Meet the Sergeant at Arms who stopped the Parliament attacker. (USA Today)

Justice Department condemns Ferguson leaks as effort to influence opinion. (L.A. Times)

That Ginsburg dissent that she stayed up all night to write contained an error; the acknowledgment of it is apparently rare and important. (NY Times)

3 states deny gay unions despite appellate rulings. (AP)

Rand Paul to lay out foreign policy vision. (Politico)

Don't forget the partial solar eclipse today. (NBC News)

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Canadians confront terror threat from within

Canadians confront terror threat from within

10/22/14 11:12PM

Charlie Angus, member of the Canadian Parliament, talks with Rachel Maddow about his experience being inside the Parliament building during today's deadly shooting, and the need for a measured reaction given the domestic nature of the shooter. watch

Shooting comes with Canada already on alert

Shooting comes with Canada already on alert

10/22/14 10:41PM

Rachel Maddow looks at the past few weeks leading up to the deadly shooting Ottawa, Ontario in Canada, with Canadian authorities on particularly heightened alert over terror concerns, and a previous attack by someone on their watch list. watch

Ahead on the 10/22/14 Maddow show

10/22/14 07:23PM

Tonight's guests:

  • Josh Wingrove, Parliament reporter, Globe and Mail, took video during shooting in Parliament
  • Lee Anne Goodman, national affairs reporter with the Canadian Press
  • Charlie Angus, member of the Canadian Parliament

After the jump, executive producer Cory Gnazzo has a preview: 

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Wednesday's Mini-Report, 10.22.14

10/22/14 05:30PM

Today's edition of quick hits:
 
* The latest from Ottawa: "A Canadian soldier guarding the National War Memorial in Ottawa was shot and killed Wednesday, and a burst of gunfire minutes later terrorized Parliament and sent lawmakers scrambling for safety. A gunman was confirmed dead, but confusion gripped Canada's capital for hours after the attack began."
 
* It's not a travel ban, but it's smarter: "The Centers for Disease Control just announced new measures designed to stop international visitors from spreading Ebola in the U.S. Under the new system, anybody who has been recently to Guinea, Liberia, or Sierra Leone will be subject to what CDC officials call 'active monitoring' -- which will involve, among other things, mandatory temperature checks for 21 days after arrival in the U.S."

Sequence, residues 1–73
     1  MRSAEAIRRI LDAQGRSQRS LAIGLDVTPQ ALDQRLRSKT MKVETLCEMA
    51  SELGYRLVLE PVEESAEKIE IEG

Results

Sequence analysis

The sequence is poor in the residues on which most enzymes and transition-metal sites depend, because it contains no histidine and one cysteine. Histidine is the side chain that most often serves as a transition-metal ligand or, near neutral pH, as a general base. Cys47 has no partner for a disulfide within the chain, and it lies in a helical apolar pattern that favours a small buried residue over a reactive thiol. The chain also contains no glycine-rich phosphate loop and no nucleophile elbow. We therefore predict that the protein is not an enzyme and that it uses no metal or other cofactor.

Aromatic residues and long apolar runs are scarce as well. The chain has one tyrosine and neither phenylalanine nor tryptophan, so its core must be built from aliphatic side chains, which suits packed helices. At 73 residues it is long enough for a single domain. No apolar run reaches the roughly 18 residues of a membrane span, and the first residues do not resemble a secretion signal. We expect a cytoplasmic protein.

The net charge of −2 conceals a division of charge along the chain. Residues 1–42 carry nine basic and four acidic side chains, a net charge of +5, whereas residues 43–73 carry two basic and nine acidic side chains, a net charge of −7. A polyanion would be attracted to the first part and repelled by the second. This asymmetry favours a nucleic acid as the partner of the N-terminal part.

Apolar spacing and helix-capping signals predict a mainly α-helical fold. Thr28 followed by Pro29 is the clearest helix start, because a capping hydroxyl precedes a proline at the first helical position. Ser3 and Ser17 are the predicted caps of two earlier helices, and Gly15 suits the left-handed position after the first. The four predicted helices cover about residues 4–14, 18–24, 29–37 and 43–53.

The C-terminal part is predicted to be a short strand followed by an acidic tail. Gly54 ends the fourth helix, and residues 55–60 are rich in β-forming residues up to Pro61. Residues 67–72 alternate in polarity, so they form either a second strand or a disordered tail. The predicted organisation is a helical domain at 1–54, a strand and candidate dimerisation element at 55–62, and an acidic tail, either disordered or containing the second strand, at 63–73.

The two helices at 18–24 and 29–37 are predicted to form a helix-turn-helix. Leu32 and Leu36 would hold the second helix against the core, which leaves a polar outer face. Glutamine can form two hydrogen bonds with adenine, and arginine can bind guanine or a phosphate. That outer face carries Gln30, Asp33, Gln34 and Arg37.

* Ferguson: "The official autopsy on Michael Brown, obtained by the St. Louis Post-Dispatch, shows the Ferguson, Missouri teenager was shot in the hand at close range. The accompanying toxicology report reveals the 18-year-old had a trace of marijuana in his system, according to the local newspaper."
 
* Guilty: "Four former Blackwater guards have been found guilty of killing 14 people and injuring 17 more in a 2007 shooting in Baghdad's Nisour Square. One guard, Nicholas Slatten, was found guilty of first degree murder, while the other three were found guilty of voluntary manslaughter."
 
* I really wish Sen. John McCain (R-Ariz.) would be a little more cautious about calling others "idiots," especially when he's talking about Navy Rear Adm. John Kirby.
 
* UNC: "A blistering report into an academic fraud scandal at the University of North Carolina released Wednesday found that for nearly two decades two employees in the African and Afro-American Studies department ran a 'shadow curriculum' of hundreds of fake classes that never met but for which students, many of them Tar Heels athletes, routinely received A's and B's."
 
* Combatting ISIS goes beyond airstrikes: "[David S. Cohen], a fastidious Yale Law School graduate who is known inside the White House as the administration's 'financial Batman,' is a first line of attack against the Islamic State. His title is under secretary for terrorism and financial intelligence and he may be more important in the fight against the Islamic State than the Tomahawks fired off American warships or the bombs dropped from F-16s. He has become a fixture in Mr. Obama's Situation Room."
 
* Media fail, Part I: "In an opinion piece published Tuesday by Politico Magazine, 'No, BP Didn't Ruin the Gulf,' author Geoff Morrell writes that the 2010 Deepwater Horizon disaster, the worst off-shore oil spill in American history, was much less disastrous environmentally for the Gulf Coast than expected. He complains that 'advocacy groups cherry-pick evidence' and 'blame BP for any and all environmental problems afflicting the Gulf.'" What's less clear for readers is the fact that the article was written by a BP employee.
Paul LePage

Paul LePage's 'early Christmas present'

10/22/14 04:50PM

The argument Democrats are making in Maine is pretty straightforward: Gov. Paul LePage (R), elected with less than 38% of the vote in a three-way race in 2010, is an embarrassment. But LePage may end up with a second term anyway, because Maine's mainstream vote is being split once again.
 
Polls show the Tea Party incumbent neck and neck with Rep. Mike Michaud (D), a dynamic made possible by Eliot Cutler's independent, third-place candidacy. For Dems, the obvious solution is for Cutler to stand aside to prevent LePage from winning re-election. Since Cutler appears unlikely to prevail, the argument goes, the independent would be doing the right thing for Maine, at the cost of his personal ambitions.